What Parents Need to Know About Report Cards This Year

By Sylvan Learning

High School

With the continued disruptions to the school year, and the many changes to education, it’s no surprise that report cards are going to be different.

In a recent Sylvan Nation survey, a majority of parents said they believe report cards are still very important this school year. So, we sat down with Emily Levitt, our VP of Education, to shed some light on what parents need to know about report cards in 2020!


New factors that educators are using to measure your child’s academic performance

Because there have been changes in classroom management across North America (due to the move to virtual and hybrid schooling, and big changes to in-person instruction), you can expect to see a large change in how your child’s participation is scored.

Emily notes that many teachers are asking students to post their thoughts and questions on an online “board” or chat window to show their participation, in place of traditional hand raising or hands-on projects in the classroom.

Another change you may have noticed, there are more multiple-choice questions on assignments, tests and quizzes, because that tends to be more straightforward for teachers to score. And, you’ve likely grown accustomed to your child submitting papers, tests and assignments online.

Additionally, many kids are asked to voice record verbal responses so the teacher can HEAR their answers (this is especially important for phonics skills and concepts for younger students).


How are report cards going to be different this year?

As mentioned, the way educators are calculating student’s success this school year has changed, so it makes sense that how your child’s grades are calculated will be different, too.

  • Students in grades 9-12 will see the least amount of change in their report cards, as their workloads haven’t changed drastically.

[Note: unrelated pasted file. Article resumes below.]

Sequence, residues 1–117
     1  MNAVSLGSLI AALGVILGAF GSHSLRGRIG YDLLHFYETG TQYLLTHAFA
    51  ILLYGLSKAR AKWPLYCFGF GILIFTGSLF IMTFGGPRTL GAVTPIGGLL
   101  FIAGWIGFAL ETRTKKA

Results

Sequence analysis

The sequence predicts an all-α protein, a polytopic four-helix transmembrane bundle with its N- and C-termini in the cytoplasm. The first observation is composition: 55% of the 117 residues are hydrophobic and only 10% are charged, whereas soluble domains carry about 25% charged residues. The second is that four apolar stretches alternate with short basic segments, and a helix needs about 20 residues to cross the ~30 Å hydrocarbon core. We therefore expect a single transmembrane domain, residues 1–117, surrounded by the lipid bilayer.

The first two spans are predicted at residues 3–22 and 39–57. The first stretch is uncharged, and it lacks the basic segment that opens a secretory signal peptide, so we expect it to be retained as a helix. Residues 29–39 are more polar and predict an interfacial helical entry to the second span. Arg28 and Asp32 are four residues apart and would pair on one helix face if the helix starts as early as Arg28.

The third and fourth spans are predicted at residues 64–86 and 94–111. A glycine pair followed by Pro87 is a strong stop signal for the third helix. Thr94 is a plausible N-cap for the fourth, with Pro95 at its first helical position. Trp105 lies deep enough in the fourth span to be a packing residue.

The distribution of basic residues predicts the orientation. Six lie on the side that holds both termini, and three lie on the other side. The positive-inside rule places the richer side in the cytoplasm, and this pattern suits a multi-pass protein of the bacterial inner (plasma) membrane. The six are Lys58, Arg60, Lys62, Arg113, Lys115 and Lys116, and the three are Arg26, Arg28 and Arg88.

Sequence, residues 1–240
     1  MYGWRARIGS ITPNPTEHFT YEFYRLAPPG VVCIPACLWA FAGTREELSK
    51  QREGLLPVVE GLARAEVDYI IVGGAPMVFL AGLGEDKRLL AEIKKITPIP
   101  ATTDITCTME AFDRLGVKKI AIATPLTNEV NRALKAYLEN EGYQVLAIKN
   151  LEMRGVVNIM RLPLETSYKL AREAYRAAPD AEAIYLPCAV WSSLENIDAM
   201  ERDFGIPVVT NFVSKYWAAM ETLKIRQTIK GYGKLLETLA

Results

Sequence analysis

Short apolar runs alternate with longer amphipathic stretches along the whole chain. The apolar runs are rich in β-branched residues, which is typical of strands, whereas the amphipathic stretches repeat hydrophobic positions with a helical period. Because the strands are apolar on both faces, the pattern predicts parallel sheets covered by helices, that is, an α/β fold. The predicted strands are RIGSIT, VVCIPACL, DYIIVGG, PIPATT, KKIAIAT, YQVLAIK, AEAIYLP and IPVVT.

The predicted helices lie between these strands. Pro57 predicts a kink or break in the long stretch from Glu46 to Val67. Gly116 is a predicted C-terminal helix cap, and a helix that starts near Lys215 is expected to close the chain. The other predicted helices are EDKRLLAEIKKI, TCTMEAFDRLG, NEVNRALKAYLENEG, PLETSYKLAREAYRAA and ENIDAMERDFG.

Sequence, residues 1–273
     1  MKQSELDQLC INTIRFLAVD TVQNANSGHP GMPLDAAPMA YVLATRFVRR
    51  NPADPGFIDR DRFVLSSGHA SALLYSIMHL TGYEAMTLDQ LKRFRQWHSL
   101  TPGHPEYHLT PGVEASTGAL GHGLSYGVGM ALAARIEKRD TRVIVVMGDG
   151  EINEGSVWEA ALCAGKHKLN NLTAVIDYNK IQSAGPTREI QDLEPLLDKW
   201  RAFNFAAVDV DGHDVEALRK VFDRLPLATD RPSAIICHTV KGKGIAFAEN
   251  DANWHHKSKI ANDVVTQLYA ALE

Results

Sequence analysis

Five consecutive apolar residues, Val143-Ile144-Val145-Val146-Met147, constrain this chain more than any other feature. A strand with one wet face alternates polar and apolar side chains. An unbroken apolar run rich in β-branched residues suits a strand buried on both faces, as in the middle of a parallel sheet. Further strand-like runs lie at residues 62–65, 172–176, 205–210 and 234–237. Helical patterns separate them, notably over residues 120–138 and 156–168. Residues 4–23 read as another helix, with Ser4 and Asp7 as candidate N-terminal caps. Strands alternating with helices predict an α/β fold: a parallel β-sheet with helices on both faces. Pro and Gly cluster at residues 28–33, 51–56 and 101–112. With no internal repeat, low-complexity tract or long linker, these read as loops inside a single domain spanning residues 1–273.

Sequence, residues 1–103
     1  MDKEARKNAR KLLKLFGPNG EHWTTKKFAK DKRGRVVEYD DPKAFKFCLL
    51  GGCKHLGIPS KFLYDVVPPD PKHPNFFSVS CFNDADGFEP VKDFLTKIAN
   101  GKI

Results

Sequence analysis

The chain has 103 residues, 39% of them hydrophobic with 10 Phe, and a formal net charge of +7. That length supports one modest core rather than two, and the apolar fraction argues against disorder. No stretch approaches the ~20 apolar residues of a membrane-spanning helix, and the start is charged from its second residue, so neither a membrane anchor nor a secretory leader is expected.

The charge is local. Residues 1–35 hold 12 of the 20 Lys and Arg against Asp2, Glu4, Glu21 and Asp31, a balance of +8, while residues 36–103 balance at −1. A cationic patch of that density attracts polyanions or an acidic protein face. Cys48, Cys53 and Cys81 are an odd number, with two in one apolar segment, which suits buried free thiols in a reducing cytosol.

• Kids in grades 6-8 will likely see minor changes with their report cards to reflect the changes in instruction this year.
  • Children in grades K-5 are going to see the biggest change in report cards, in terms of how they are graded, and the amount of grace that’s given for missing or incomplete assignments.


Here’s how to digest your child’s report card

Emily says that how you should feel about your child’s report card this year really depends on the age of your child.

For teens in grades 9-12, letter grades are still very important for applying to college/university, so teens should not be taking their eyes off the ball. Even in the light of some schools bypassing ACT® and SAT® requirements, those grades will matter more than ever! Having teens focus on excelling in current work will give them an edge in college/university. Plus, it will help ensure they are ready for the rigors of coursework and the level of independence needed to succeed in the future. So, encourage your teen to stay focused and ask for help when he or she needs it!

For younger kids, letter grades in grades K-8 probably aren’t going to come back to haunt your child.

“The younger the student, the more time you have to catch them up,” says Emily.

She recommends being more concerned about skill acquisition than letter grades. If your child is staying caught up with skills, deep breath, he or she is going to be OK.


So, is there a way to find out how my child is really doing?

Yes, there is.

With our unique Sylvan Insight™ Assessment, your child’s academic needs don’t have to be another unknown this year. Led by a Sylvan staff member, the assessment is comprised of a combination of computer-adaptive, paper-based and other interactive sections. The results of the assessment can pinpoint your child’s skill-level knowledge, compared to what they should know for their age and school grade.

Emily has been monitoring the test scores of incoming Sylvan students to see if students are showing effects of having a disrupted school year. We’re seeing that students are coming to Sylvan needing more remediation than during the same time period last year.

In grades 2-8, we’re seeing that across the board, students are generally 3 months behind their peers in skill knowledge from last year. (We took summer slide into consideration, so the loss can almost certainly be attributed to COVID disruption).


We’re here for your family


If your child’s report card isn’t what you think it should be, or you’re seeing COVID learning loss, we can help. Take the first step and contact your local Sylvan today to learn how we can help bring out your child’s best!